Bill Steigerwald

Mary Simon, 52, a free-lance writer in the horse industry, wrote the 2002 book “Racing Through the Century: The Story of Thoroughbred Racing in America.” She has attended many a Kentucky Derby at Churchill Downs in Louisville as a fan and as a journalist. But today she’ll be watching the 133rd running of the Derby on TV at her home in Lexington, in the heart of the Blue Grass State’s horse country. I talked to her Wednesday about today’s big race and the state of the horse racing industry.

Q: Why is the Kentucky Derby the world’s greatest horse race?
A: Well, it’s debatable that it is the world’s greatest horse race. People in France would argue that the Arc d’ Triumph is the greatest horse race. In England they might say the Epsom Derby is the world’s greatest. In this country, the Kentucky Derby is certainly the most famous, but as far as the world’s greatest? I’d argue with that.

Q: Isn’t this kind of like an all-star race though?
A: It is. Every year the people with the best three-year-olds point for this race and every year you lose some horses along the way to injury, illness or whatever. So very often the Derby is a great spectacle and a great gala occasion, but it’s often that the very best horses aren’t actually in it.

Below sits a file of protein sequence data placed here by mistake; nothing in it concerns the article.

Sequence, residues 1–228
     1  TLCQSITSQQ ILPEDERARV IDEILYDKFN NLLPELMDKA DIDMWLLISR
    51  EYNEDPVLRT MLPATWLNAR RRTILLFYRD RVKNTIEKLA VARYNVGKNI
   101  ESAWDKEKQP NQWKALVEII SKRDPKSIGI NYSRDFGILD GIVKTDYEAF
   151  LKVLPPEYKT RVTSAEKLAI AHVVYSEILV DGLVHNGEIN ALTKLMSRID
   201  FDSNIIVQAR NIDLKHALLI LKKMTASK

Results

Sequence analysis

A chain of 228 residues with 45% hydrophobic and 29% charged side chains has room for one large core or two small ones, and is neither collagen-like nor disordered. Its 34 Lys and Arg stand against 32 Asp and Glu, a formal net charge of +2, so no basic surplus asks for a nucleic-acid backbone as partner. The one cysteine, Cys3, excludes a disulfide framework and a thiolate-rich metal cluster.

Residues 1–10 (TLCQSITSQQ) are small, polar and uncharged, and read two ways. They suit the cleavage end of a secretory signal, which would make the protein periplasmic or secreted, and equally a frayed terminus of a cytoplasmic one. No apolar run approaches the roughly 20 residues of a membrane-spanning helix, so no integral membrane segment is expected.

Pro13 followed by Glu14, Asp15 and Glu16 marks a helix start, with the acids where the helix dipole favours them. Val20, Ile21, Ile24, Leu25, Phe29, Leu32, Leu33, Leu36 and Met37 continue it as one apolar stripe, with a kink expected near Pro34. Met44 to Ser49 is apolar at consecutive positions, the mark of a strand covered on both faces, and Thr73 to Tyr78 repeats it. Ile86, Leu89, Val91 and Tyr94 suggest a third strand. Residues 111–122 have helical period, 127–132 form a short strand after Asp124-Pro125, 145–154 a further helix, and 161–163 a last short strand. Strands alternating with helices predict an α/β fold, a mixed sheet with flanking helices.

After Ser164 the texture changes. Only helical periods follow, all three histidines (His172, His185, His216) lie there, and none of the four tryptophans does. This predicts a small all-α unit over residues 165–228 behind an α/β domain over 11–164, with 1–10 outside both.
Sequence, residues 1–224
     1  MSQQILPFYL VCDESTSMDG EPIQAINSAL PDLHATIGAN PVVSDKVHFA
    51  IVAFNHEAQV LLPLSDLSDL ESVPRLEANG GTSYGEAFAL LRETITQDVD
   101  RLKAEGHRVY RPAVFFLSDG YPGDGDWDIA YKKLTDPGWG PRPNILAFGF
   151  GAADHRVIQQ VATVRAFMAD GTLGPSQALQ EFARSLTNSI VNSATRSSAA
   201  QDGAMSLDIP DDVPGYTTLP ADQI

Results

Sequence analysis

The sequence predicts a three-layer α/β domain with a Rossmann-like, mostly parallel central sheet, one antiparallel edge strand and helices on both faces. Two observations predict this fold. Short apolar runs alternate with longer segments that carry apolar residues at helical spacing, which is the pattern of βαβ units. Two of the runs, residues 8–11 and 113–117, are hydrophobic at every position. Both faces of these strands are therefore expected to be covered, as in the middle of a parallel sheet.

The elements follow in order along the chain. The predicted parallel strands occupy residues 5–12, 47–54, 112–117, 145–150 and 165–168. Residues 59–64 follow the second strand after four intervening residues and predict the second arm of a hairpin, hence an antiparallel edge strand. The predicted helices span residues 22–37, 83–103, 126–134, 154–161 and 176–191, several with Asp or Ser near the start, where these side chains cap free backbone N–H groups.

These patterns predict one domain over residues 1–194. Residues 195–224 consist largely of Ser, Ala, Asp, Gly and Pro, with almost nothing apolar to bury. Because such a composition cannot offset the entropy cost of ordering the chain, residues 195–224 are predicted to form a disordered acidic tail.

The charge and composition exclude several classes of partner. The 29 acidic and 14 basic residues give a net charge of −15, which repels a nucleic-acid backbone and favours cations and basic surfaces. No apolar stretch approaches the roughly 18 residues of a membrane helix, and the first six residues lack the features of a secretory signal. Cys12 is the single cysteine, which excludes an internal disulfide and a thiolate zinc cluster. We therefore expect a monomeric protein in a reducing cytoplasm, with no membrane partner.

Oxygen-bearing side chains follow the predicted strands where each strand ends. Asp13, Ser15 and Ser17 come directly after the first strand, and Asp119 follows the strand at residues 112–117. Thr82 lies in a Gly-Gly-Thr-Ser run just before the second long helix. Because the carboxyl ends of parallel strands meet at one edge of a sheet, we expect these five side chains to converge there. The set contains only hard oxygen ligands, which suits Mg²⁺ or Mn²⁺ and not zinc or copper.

Q: Do you have to be at the Derby to fully enjoy it?
A: Not at all. Not at all. In fact, I watch the Derby at home now, because I’ve been there and done that. I’ve been down in the crowds and it’s just too intense for me. If you’re that kind of person and you like all that excitement and electricity and people pushing against each other and women wearing big hats and half-naked men in the infield pouring beer on each other, it’s a wonderful celebration of Kentucky and a celebration of the thoroughbred. But it was difficult for me to get into the moment when I was there. I’ve been down around the crowd and then I did the press box thing and I felt so detached during the race – you’re above, looking a mile down. They start with “My Old Kentucky Home” and the horses are coming on the track …. Usually when I’m at home watching on television I’m bawling my eyes out. And up there it was like it was on a different planet.

Q: Bawling your eyes out?
A: Yeah, bawling my eyes out -- Boo hooo hooo hooo!!!!

Q: Because of the excitement or because you have all your money on one horse? A: No. The sentiment. When they come out on the track and the band starts playing “My Old Kentucky Home,” it’s just one of these things. If it doesn’t bring a tear to your eye or a lump in your throat, I don’t know ….


Bill Steigerwald

Bill Steigerwald, born and raised in Pittsburgh, is a former L.A. Times copy editor and free-lancer who also worked as a docudrama researcher for CBS-TV in Hollywood before becoming a reporter for the Pittsburgh Post-Gazette and a columnist Pittsburgh Tribune-Review. Bill Steigerwald recently retired from daily newspaper journalism..